Figure 1: Three-dimensional reconstruction of the skull underlines the multiple facial fractures.
Figure 2: The diagnostic catheter evidences a dissecting posttraumatic pseudoaneurysm of the medium-distal portion of the internal maxillary artery.
Figure 3: A microcatheter (EV3 Marathon) was navigated coaxially into the parent artery over a guidewire (EV3 Silver Speed) to reach the pseudoaneurysm.
Figure 4: A mixture of 50% of acrylic-glue (Glubran 2) and Lipiodol ultrafluid was injected up to the complete occlusion of the lesion.
Figure 5: The complete exclusion of the pathological portion of the branch with the pseudoaneurysm is documented.

Five days after the endovascular procedure open surgery with RIF was done once hemoglobin value was established at 10 gr/dL. The patient was then dehospitalized ten days after with 12 r/dL of hemoglobin.

The six-month clinical and radiological follow-up demonstrates good functional and aesthetic outcomes (Figure 6).

Figure 6: Postsurgical 3D CT scan.

3. Discussion

Maxillary artery (MA) is the largest terminal branch of the external carotid artery. Because of its deep lie, hemorrhage can be difficult to manage [810]. It is classically divided into three portions, based on the relationship with the lateral pterygoid muscle: the mandibular portion, the pterygoid portion, and the pterygopalatine portion which is the deepest part of the artery. The mandibular portion is close to the mandibular condyle. Its mean distance from the neck of the condyle is approximately 6.8 mm. This close relationship can explain why lacerations of the artery can occur in this tract. Condylar fractures are one of the principle causes of MA lesions [1012]. A possible mechanism of MA rupture in such tract is the direct lesion caused by fractured bone. This lesion can occur immediately during trauma or, in a second time, during subsequent motion of the fractured blocks.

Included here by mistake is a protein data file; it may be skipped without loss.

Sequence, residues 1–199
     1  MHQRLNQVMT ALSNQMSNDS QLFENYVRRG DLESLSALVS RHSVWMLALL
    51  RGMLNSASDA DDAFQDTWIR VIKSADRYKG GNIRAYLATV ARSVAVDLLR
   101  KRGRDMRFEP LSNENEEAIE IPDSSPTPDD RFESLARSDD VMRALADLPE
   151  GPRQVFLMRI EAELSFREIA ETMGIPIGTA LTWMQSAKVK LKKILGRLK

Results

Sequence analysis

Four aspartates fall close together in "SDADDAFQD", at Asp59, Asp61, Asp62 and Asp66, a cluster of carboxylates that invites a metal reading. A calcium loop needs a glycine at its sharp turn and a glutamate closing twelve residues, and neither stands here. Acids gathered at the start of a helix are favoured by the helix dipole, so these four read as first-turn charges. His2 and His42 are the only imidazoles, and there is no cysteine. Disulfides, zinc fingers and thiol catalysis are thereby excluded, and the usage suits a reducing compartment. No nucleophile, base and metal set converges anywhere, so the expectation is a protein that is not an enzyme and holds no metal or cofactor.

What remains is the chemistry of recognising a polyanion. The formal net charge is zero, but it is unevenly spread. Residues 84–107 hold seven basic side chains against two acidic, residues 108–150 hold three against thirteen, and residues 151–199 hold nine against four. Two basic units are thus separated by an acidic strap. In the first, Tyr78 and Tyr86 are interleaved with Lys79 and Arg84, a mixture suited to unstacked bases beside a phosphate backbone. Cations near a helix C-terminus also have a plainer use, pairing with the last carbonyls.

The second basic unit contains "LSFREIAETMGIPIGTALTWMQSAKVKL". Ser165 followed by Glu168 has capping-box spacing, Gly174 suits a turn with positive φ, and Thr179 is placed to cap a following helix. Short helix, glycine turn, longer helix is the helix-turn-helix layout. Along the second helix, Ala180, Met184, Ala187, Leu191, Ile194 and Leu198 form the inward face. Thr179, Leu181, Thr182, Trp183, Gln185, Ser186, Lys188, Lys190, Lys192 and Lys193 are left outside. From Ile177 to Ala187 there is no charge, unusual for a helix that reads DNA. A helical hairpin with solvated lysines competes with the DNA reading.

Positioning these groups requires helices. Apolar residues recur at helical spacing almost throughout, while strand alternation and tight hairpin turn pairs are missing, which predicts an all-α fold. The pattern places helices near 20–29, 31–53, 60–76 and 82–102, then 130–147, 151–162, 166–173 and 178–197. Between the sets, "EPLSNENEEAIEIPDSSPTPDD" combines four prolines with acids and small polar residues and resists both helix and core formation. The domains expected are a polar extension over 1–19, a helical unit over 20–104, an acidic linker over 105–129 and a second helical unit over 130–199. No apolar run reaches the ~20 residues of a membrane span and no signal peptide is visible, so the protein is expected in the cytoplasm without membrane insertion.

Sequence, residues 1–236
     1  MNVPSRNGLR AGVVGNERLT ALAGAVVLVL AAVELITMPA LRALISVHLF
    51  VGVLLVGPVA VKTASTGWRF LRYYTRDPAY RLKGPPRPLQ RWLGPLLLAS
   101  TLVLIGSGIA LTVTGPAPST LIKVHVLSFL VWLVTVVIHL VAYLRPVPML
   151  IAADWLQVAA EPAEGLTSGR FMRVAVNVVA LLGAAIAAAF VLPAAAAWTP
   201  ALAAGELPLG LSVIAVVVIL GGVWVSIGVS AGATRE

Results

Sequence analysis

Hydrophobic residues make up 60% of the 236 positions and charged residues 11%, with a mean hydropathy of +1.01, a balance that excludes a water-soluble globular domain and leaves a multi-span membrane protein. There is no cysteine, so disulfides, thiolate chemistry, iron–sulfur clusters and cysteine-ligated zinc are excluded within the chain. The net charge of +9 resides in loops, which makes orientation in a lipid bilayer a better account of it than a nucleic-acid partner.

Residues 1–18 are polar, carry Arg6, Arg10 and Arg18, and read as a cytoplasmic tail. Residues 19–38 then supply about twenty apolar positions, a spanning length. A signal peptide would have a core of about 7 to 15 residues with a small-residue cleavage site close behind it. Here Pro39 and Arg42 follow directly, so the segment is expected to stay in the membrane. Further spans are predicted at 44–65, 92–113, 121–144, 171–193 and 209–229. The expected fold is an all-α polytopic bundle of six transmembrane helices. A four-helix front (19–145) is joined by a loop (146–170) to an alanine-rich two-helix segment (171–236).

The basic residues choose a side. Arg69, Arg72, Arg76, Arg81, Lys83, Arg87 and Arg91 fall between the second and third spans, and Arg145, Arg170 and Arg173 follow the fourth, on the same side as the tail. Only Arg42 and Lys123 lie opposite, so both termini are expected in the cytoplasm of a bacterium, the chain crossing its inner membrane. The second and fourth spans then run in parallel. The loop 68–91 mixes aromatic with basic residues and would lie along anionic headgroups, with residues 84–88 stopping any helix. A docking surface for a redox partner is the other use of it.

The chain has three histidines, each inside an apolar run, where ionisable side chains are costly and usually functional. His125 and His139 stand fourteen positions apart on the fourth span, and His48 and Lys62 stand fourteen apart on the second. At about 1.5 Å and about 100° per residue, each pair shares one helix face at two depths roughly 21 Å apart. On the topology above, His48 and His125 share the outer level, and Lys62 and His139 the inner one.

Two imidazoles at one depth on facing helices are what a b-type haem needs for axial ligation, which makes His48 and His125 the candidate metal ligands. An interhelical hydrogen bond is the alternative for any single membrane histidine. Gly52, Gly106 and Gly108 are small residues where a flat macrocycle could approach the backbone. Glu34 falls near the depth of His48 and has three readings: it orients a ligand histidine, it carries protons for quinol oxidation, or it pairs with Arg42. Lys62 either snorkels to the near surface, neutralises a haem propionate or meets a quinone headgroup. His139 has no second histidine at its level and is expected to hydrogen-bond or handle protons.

Basing on the entity and the dynamic of the trauma, a lesion of MA can cause a classic hemorrhage, which is considered the most dangerous event. Pressure packing and topical hemostatic agents cannot be sufficient to arrest the bleeding because of the deep lie of the artery. Surgical ligation of the MA can be mandatory even if technically difficult. Ligation of external carotid artery can be considered as an extreme maneuver.

Pseudoaneurysm, or false aneurysm, is an uncommon consequence of arterial damage, resulting from an incomplete disruption of the arterial wall causing an expanding lesion between the artery and the surrounding tissues [1114]. In such cases, the hematoma of the surrounding tissues counterbalances the arterial pressure, causing the hemorrhage, compressing and stabilizing the bleeding. This “natural package” limits the bleeding and if the tear is small lets the platelets form the clot and stabilize the bleeding with a consequent resolution of the hematoma. If the tear is bigger and platelets are not able to arrest the bleeding, a pseudoaneurysm can form. The PA is influenced by three factors: (1) the extent of the tera; (2) the elasticity of the surrounding tissues; and (3) the arterial blood flow [15]. Vascular tear depends on the dimension of the fractured bones, related to the artery. In the reported case, the maxillary bone fractured in a Le Fort III pattern could have caused the damage. In our experience, the early lesion of the artery could be formed with a sudden shift of the artery in a “concussion way.” This mechanism can explain those cases in which the entity of fractures seems not to be enough to cause a direct lesion of the artery. The inelasticity of the surrounding tissue of the MA can let the hematoma form a PA, above all in those tracts more compressed by dense connective tissues.

The diagnosis of PA, although rare, has to be suspected in every case of posttraumatic and postsurgical severe swelling of the face. Common etiology of PA of the IMA includes blunt and penetrating traumas, orthognathic surgery, neck dissection, surgical removal of impacted third molars, and radiotherapy [11, 14]. Contrast-enhanced CT and catheter angiography are the gold standard in diagnosing PA of the IMA [16].

Some cases of PA are reported to be spontaneously resolved. In other cases, complications like delayed hemorrhage, expansion, neuralgia, pain, and ischemia of the distal districts have been described [14, 16]. Because of the unpredictable course of the PA a treatment is requested once the correct diagnosis is made.